By the liturgists’ count, it’s the thirty-ninth day of Lent. Sundown tomorrow, we arrive at the end next waystation of the spiritual journey, the Last Supper.
I may post at most once a day the next few days. RCIA returns early next week. Personally, I do better cutting back on the internet this week. And no offense intended, I do better not reading some sites.
I have a few suggestions for you family-oriented Catholics out there in the readership. Take what seems good and leave the rest, as you see fit.
My main suggestion is to bring your children to the Triduum liturgies. All of them. (My second suggestion is to encourage a nap tomorrow and Saturday especially.) Odds are your parish is never better at liturgy these three days, and if you feel the need to plant a seed of adult Massgoing, this is the week to plant.
If your parish has open footwashing on Holy Thursday, bring your child and wash feet as a family. Remember the Mandatum is a charge to all believers, even if the rite suggests “viri selecti.” We should approach the basin with that commitment in mind.
Certainly take time for adoration after the procession. If you live in a city, a pilgrimage to other churches is a nice experience for youngsters.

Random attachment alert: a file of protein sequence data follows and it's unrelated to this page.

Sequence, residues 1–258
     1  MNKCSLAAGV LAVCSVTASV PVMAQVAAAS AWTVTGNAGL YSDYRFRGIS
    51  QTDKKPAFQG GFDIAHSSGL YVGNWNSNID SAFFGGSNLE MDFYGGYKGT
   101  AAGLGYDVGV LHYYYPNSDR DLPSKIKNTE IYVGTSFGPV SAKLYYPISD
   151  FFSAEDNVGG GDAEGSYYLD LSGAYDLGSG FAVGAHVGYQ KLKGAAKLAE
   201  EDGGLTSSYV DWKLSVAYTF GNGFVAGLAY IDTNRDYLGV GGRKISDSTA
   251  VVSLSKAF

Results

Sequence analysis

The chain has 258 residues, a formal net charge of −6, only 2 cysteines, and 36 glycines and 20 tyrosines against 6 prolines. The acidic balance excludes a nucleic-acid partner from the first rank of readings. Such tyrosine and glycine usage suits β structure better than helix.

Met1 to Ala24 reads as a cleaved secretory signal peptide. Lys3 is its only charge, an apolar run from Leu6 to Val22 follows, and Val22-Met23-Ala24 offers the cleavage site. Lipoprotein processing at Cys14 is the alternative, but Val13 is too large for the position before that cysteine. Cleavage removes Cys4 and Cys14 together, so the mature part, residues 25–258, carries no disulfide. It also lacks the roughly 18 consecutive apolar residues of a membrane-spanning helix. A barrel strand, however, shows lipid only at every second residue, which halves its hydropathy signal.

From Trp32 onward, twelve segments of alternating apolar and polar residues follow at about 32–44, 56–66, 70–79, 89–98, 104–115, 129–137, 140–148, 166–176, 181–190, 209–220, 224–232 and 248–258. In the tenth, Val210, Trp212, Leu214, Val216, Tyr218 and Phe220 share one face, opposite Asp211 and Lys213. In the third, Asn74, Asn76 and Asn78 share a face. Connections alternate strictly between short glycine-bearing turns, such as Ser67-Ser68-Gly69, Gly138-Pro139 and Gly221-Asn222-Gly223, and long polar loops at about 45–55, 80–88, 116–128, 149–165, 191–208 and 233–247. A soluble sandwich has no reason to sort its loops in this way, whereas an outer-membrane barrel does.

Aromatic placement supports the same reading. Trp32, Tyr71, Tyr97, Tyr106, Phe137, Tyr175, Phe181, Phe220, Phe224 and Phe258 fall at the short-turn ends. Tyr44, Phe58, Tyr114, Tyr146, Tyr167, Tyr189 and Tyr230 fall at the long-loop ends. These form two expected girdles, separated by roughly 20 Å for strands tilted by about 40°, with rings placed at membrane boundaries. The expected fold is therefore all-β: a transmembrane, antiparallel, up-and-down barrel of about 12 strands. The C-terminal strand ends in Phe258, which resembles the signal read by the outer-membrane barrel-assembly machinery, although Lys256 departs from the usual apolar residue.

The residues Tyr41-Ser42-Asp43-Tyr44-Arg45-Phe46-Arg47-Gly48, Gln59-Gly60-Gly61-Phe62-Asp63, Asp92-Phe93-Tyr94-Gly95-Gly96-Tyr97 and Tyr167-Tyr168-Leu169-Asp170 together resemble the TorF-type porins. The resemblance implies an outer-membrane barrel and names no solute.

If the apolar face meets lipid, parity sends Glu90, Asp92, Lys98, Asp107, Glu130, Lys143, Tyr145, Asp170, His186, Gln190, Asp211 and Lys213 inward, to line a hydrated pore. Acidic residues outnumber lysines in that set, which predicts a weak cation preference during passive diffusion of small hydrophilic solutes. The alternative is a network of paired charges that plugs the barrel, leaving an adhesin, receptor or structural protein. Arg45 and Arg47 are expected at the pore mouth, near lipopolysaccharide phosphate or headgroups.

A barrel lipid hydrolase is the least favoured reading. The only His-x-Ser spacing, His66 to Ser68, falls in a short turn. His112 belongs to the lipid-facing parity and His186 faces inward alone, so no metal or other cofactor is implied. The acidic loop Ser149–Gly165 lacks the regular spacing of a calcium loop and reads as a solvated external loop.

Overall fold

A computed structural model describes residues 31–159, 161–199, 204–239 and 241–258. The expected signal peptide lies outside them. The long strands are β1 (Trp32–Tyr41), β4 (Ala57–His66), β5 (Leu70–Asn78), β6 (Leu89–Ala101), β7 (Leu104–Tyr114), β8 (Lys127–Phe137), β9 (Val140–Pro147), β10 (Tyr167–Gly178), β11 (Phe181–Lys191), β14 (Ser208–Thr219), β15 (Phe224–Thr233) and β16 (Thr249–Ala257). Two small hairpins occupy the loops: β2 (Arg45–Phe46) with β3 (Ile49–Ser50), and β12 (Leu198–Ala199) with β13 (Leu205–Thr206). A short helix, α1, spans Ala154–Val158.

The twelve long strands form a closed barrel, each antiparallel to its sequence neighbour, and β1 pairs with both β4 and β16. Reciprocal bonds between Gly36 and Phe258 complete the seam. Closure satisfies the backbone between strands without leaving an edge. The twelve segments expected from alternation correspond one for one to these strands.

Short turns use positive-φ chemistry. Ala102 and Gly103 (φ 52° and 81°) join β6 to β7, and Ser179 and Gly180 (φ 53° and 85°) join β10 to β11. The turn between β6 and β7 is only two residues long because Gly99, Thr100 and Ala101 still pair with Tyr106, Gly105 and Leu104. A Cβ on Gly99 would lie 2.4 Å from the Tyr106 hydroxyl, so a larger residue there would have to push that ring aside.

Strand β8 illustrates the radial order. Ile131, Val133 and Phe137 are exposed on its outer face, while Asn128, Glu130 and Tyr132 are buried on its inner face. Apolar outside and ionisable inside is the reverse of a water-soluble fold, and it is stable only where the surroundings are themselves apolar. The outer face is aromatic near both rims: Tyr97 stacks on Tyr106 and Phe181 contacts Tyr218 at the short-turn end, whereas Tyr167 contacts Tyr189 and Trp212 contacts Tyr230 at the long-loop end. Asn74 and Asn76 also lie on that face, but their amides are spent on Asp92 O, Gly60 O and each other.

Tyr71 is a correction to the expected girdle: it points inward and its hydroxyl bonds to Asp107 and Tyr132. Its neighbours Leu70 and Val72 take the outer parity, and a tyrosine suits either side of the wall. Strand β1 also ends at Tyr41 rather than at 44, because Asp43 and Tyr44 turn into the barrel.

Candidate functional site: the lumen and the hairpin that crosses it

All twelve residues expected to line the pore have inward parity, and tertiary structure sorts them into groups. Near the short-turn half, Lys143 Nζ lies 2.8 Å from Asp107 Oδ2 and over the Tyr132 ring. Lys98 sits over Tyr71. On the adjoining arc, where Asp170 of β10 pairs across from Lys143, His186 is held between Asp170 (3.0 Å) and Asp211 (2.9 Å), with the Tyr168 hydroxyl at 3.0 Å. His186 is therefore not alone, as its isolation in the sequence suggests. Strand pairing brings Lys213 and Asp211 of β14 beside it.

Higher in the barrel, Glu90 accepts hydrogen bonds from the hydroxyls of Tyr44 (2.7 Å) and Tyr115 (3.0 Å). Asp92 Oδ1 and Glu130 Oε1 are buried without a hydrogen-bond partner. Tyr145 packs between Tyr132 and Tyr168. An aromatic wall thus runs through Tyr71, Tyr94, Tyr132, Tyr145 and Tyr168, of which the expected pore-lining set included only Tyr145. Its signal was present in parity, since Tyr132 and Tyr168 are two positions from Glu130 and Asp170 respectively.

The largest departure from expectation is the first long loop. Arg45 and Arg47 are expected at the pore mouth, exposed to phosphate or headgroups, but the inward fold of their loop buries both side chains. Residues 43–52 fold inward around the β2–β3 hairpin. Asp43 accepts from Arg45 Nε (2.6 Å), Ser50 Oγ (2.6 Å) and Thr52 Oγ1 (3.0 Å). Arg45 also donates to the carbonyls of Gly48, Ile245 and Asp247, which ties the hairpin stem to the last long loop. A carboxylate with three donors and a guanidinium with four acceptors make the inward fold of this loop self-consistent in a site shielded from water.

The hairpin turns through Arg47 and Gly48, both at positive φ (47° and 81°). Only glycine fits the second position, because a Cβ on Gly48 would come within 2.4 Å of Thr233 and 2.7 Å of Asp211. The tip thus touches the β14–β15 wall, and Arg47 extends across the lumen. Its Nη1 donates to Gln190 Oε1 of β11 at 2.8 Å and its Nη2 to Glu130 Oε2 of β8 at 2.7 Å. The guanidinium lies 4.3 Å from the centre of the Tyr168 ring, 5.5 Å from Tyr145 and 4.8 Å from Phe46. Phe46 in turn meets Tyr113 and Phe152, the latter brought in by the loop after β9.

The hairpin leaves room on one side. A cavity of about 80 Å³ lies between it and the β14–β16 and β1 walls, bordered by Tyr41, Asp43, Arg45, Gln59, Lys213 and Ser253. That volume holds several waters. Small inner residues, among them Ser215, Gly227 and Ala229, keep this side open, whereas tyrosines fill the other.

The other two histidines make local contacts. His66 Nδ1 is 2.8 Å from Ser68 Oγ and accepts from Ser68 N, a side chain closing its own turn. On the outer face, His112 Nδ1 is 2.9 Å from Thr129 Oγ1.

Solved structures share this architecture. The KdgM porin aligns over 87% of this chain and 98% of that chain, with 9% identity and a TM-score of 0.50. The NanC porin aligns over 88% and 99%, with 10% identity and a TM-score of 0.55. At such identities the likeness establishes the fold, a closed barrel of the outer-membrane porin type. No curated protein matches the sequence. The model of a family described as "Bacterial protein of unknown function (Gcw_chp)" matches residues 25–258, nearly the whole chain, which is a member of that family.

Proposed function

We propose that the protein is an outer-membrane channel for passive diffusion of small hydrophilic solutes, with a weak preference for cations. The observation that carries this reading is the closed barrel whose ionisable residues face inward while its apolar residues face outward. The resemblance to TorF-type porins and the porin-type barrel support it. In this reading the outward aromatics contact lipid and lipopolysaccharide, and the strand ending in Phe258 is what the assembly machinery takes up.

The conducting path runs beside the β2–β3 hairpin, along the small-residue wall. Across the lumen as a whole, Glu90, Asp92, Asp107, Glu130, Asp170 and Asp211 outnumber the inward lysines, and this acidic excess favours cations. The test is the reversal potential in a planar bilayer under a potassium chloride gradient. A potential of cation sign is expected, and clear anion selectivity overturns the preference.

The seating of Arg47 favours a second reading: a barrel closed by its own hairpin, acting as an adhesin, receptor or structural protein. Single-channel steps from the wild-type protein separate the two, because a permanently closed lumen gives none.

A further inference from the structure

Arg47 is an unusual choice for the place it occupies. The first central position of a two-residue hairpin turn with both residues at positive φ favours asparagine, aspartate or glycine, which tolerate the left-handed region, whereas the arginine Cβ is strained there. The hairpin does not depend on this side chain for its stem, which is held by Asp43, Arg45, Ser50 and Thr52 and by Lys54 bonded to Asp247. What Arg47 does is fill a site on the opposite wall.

Good Friday is also a good day to attend–maybe Stations and the Liturgy of the Lord’s Passion both. I was never fussy with the young miss about dozing off during John’s Gospel. My sense is that if the child needs a nap, there are worse places than church.
I had a call from a parishioner concerned about her children, ages 11 and 15, and the Easter Vigil. When the young miss was eleven (and even today in the teen years) I encouraged a nap on Holy Saturday. But I think a child of any age can benefit from the Easter Vigil. At minimum, very young children will enjoy the Easter fire and Liturgy of Light. If that’s all they can handle, just go home before the readings start. Then come back for the full Mass the next morning. It is perfectly acceptable to visit your church more than once on a weekend. Triduum is hardly a one-stop (spiritual) shopping event.
Another strategy is to stay through the Exodus reading. That will be the highlight of our Liturgy of the Word, as we’re chanting it with acclamations from the assembly. I used to make “little horses” with my two hands for the young miss, and when we sung ” horse and chariot are cast into the sea,” my hands would flip and my fingers would wiggle as they “sunk into the sea.”
And if your child makes it to the baptism of adults, then you might as well stay for the end.
Let’s be serious: what kid doesn’t like to stay up really, really late?
The year before I was baptized (1970), my sister and I attended the whole Triduum. I would still place that experience in my top five Triduums. Plant the memories and traditions before your offspring have any chance to become Easter Catholics.